Plate-Tectonics Theory

According to the now generally accepted "plate-tectonics" theory, scientists believe that the Earth's surface is broken into a number of shifting slabs or plates, which average about 50 miles in thickness. These plates move relative to one another above a hotter, deeper, more mobile zone at average rates as great as a few inches per year. Most of the world's active volcanoes are located along or near the boundaries between shifting plates and are called "plate-boundary" volcanoes. However, some active volcanoes are not associated with plate boundaries, and many of these so-called "intra-plate" volcanoes form roughly linear chains in the interior of some oceanic plates. The Hawaiian Islands provide perhaps the best example of an "intra-plate" volcanic chain, developed by the northwest-moving Pacific plate passing over an inferred "hot spot" that initiates the magma-generation and volcano formation process. The peripheral areas of the Pacific Ocean Basin, containing the boundaries of several plates, are dotted by many active volcanoes that form the so-called "Ring of Fire." The "Ring" provides excellent examples of "plate boundary" volcanoes, including Mount St. Helens.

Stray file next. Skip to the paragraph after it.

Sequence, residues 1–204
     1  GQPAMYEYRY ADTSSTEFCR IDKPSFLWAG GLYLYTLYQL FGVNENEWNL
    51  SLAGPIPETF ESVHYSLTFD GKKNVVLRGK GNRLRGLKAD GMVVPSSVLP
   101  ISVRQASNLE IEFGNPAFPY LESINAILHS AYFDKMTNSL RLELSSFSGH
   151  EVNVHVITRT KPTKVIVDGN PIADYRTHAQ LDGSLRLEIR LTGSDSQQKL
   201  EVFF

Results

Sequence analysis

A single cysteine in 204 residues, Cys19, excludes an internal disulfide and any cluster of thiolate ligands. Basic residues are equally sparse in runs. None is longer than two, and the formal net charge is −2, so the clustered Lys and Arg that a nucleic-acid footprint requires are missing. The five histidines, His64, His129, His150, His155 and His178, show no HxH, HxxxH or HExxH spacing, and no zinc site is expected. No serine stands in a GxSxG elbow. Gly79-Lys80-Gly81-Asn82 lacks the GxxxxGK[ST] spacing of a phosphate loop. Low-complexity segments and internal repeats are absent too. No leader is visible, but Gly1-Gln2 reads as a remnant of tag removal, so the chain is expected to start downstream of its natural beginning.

The accompanying figure shows the boundaries of lithosphere plates that are presently active. The double lines indicate zones of spreading from which plates are moving apart. The lines with barbs show zones of underthrusting (subduction), where one plate is sliding beneath another. The barbs on the lines indicate the overriding plate. The single line defines a strike-slip fault along which plates are sliding horizontally past one another. The stippled areas indicate a part of a continent, exclusive of that along a plate boundary, which is undergoing active extensional, compressional, or strike-slip faulting.

 Diagrams of the Juan de Fuca plate

 Thumbnail of a map showing Earth's major tectonic plates

 In the Pacific Northwest, the Juan de Fuca Plate plunges beneath the North American Plate, locally melting at depth; the magma rises to feed and form the Cascade volcanoes. The area at the top of this figure is the area highlighted in red at the right.

 Click on thumbnail image for map showing the major tectonic plates of the Earth.

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